Bob’s Plumbing and Heating, Inc. v. Reynolds, App. 5 Cir.1998, 98-325 (La. App. 5 Cir. 10/14/98), 719 So.2d 1169, held that a dispute concerning the employee’s work status is not a dispute concerning the condition of the employee and, therefore, does not meet the requirements for an Independent Medical Examination under La. R.S. 23:1123. In Bob’s Plumbing, both physicians concluded that the employee had reached maximum medical improvement. Employer’s doctor released to return to work without restriction; employee’s doctor released to return to work with restrictions. The court held that neither party was entitled to an IME.
In response to Bob’s Plumbing, the Louisiana legislature amended La. R.S. 23:1123, effective August 1, 2012, to read as follows:
If any dispute arises as to the condition of the employee, or the employee’s capacity to work, the director, upon application of any party, shall order an examination of the employee to be made by a medical practitioner selected and appointed by the director. The medical examiner shall report his conclusions from the examination to the director and to the parties and such report shall be prima facie evidence on the facts therein stated in any subsequent proceedings under this Chapter.
McCrary v. New Orleans Health Corp., App. 4 Cir.2001, 2001-1632 (La. App. 4 Cir. 9/26/01), 798 So.2d 1085, held that a dispute concerning the necessity of diagnostic tests is not a dispute concerning the condition of the employee, and, therefore, the trial court properly denied request for independent medical examination. If the Employee submits to the IME, however, the court will not exclude the IME report on the basis that there was no dispute concerning the Employee’s condition. Vanderberg v. Atlantic Southeast Airlines, 831 So.2d 1067 (La. App. 3rd Cir., 2002).
2. IME selected by workers’ compensation judge
La. R.S. 23:1124.1:
. . . the workers’ compensation judge, on his own motion, may order that any claimant appearing before it be examined by other physicians.
A judge’s order to have the employee examined by another physician will not be overturned absence an abuse of discretion. Watkins v. Asphalt Associates, Inc., App. 3 Cir.1996, 96-249 (La. App. 3 Cir. 12/4/96), 685 So.2d 393.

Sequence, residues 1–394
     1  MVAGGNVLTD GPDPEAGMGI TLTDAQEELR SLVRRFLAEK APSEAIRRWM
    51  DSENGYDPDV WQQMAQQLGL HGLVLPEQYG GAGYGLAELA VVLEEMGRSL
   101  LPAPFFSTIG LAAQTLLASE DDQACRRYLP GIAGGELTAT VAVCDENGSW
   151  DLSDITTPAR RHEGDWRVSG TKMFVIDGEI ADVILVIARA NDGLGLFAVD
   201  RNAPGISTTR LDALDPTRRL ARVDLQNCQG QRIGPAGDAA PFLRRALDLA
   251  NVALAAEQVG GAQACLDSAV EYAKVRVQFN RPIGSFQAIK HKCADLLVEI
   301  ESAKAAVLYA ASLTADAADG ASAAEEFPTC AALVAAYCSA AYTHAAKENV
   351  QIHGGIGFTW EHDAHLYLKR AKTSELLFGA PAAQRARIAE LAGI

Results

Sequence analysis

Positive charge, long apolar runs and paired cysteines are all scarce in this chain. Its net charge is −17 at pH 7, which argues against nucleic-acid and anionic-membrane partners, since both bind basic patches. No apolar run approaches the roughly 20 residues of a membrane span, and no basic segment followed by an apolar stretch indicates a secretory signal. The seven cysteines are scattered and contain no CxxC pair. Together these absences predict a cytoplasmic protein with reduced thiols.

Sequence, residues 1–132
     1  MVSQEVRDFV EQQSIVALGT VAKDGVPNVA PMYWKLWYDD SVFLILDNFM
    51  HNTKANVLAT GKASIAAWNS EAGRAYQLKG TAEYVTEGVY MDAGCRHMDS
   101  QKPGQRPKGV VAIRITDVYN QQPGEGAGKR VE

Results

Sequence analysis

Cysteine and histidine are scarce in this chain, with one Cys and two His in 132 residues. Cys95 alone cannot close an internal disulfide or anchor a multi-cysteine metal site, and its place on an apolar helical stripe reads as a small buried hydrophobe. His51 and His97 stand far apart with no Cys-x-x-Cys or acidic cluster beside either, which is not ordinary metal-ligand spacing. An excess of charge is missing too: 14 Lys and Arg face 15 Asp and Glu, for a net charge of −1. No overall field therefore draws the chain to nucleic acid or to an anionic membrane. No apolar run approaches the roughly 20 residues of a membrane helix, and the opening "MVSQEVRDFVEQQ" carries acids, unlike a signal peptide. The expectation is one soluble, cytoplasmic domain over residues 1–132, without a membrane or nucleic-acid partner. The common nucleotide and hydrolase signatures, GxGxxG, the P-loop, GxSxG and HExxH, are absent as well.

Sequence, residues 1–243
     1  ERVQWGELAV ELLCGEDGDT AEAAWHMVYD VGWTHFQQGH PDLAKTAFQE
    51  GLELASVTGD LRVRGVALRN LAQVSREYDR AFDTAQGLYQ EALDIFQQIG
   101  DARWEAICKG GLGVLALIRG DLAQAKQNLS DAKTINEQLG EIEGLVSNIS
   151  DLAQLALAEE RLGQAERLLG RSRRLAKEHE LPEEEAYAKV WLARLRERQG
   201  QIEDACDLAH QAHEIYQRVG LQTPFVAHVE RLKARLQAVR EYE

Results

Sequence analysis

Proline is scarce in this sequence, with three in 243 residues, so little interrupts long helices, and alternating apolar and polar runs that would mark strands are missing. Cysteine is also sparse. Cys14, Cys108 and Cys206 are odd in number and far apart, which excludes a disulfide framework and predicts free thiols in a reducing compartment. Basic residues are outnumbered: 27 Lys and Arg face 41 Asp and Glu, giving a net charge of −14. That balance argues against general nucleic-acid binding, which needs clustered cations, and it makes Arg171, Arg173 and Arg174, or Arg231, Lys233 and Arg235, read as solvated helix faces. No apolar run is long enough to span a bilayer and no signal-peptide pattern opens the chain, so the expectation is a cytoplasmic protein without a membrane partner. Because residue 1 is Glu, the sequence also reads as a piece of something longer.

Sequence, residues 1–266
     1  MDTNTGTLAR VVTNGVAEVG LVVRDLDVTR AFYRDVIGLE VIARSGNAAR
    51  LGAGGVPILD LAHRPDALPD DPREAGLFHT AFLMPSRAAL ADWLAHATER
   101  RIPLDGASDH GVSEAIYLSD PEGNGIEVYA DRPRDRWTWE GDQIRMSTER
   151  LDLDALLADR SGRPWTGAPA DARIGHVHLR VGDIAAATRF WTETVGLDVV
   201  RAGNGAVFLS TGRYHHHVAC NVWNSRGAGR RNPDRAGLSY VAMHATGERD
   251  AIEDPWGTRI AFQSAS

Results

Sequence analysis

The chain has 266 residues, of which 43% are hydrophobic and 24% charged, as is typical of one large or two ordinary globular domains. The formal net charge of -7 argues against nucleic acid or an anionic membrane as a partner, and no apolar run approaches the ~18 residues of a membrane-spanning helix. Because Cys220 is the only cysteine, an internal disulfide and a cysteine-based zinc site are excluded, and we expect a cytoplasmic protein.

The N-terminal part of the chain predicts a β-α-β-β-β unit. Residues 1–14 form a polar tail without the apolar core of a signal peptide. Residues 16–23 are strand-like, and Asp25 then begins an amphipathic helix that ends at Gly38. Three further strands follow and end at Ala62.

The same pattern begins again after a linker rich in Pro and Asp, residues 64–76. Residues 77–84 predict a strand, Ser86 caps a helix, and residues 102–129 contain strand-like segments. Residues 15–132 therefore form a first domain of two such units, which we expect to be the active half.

3. Procedure for Independent Medical Examinations
La. R.S. 23:1317.1:
A. Any party wishing to request an independent medical examination of the claimant pursuant to R.S. 23:1123, 1124.1 shall be required to make its request at or prior to the pretrial conference. Requests for independent medical examinations made after that time shall be denied except for good cause or if it is found to be in the best interest of justice to order such examination.
B. An examiner performing independent exams pursuant to R.S. 23:1123 shall be required to prepare and send to the office a certified report of the examination within thirty days after its occurrence.
. . . .
E. When the independent medical examiner’s report is presented within thirty days as provided in this Section:
(1) The examiner shall be protected from subpoena except for a single trial deposition. However, upon a proper motion for cause, the workers’ compensation judge may order further discovery of the independent medical examiner as deemed appropriate.
(2) Except to schedule the deposition or further discovery as described above, the office of the independent medical examiner shall not be contacted regarding the claimant by any party, attorney, or agent.
F. Objections to the independent medical examination shall be made on form LDOL-WC-1008, and shall be set for hearing before a workers’ compensation judge within thirty days of receipt. No mediation shall be scheduled on disputes arising under this Section.
Improper contact with independent medical examiner by any party, attorney, or agent regarding workers’ compensation claimant is expressly prohibited by statute, and the court will not hesitate to exclude IME reports when circumstances indicate even the slightest possibility that physician’s opinion or neutrality may have been compromised. Duhon v. Snelling Personnel Services, App. 3 Cir.1997, 97-347 (La. App. 3 Cir. 10/8/97), 702 So.2d 922. Improper contact with independent medical examiner regarding workers’ compensation claimant does not require exclusion of IME report, however when the contact occurs after IME formed his medical opinion. Duhon v. Snelling Personnel Services, App. 3 Cir.1997, 97-347 (La. App. 3 Cir. 10/8/97), 702 So.2d 922.
 La. R.S. 23:1203(A)(1).
 La. R.S. 23:1203.1(B).
 La. R.S. 23:1203.1(J)(1).
 La. R.S. 23:1203.1(K). The appeal is made by filing a Disputed Claim for Compensation with the Office of Workers’ Compensation. Unlike the initial request for a decision from the Medical Director, which may only be filed by the employee or medical provider, an appeal may be filed by any party (employer, employee or medical provider) that disagrees with the Medical Director’s decision.
 La. R.S. 23:1203(B).
 La. R.S. 23:1121(B)(2)(b).
 La. R.S. 23:1121(B)(2)(a)